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Fun Times!

Do you remember the first time you had a great story idea?  Remember how exciting it was imagining character names, daydreaming what would happen next, writing it all down?  Wasn’t it fun?  Are you still having fun with your writing?

Magical Bubbles

 

I love setting goals and keeping track of things, counting my words and pages, having something that shows me I’m making progress.  I think goals and accountability are important in our creative lives.  It’s often hard to let ourselves fit in our creative work when there’s so much else we feel we should be doing, and goals and progress reports can help us give our writing the time it deserves.

Sometimes, though, we can get really caught up in setting goals, meeting goals, reporting our progress.  Our writing becomes another “have to do,” and we can lose the joy.

If you’re finding yourself trudging forward, thinking you have to get to your writing, if you aren’t feeling the thrill of creating your new words, here are some ideas on how to get the fun and joy back:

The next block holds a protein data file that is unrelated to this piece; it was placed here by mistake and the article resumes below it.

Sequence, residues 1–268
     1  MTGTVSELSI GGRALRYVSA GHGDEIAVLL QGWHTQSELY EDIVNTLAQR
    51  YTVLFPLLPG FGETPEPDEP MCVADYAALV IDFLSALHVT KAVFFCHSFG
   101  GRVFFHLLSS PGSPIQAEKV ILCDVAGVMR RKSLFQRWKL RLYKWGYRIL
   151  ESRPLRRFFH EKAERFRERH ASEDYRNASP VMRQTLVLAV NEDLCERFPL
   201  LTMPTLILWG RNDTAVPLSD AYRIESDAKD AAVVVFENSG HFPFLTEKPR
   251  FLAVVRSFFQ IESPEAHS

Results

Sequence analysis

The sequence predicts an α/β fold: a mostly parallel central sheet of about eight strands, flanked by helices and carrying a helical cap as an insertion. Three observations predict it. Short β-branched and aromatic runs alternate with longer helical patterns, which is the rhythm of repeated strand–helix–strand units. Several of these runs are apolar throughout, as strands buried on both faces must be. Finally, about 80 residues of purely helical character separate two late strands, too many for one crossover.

• Ask yourself, “How can I make this more fun?”  and “How can I make this easier for myself?”  Write those questions down in your journal or put them on sticky notes where you’ll see them often.  You don’t need answers.  Just let your mind percolate the questions, and you’ll find yourself finding ways to fit in more fun and ease.
  • Write yourself a letter or a list about why you started writing—include what drew you in, what you love most about it, why you want to write.  Keep this someplace where you can see it and read it often to remind yourself that you love this work.
  • Write a scene where your characters go out and have a great time. Take them bowling, surfing, to an amusement park, out dancing.  It doesn’t matter if this will get cut later.  Let your characters have fun and enjoy yourself alongside them.  Let yourself write things that are fun to write.
  • Make a list of the writing activities you love the most (for example, I love writing dialogue), and include at least one of them in your daily writing as often as you can.
  • Get yourself a writing buddy, a little toy or trinket that you keep with you when you write.  It can be an action figure, a stuffed animal—pick something that makes you smile.
  • Try some writing games and toys to liven things up and make it fun.  Try out Story Cubes, tarot cards (Tarot for Writers for example), or I Ching (like I Ching for Writers)
  • Collect writing prompts and links to writing prompt websites (my favorite is Toasted Cheese).  When things are a little to serious and stuffy, make a game of picking a random prompt and working it into your story

Most of all, let yourself relax.  Let your goals and plans guide you, not rule you.  Happy writing!

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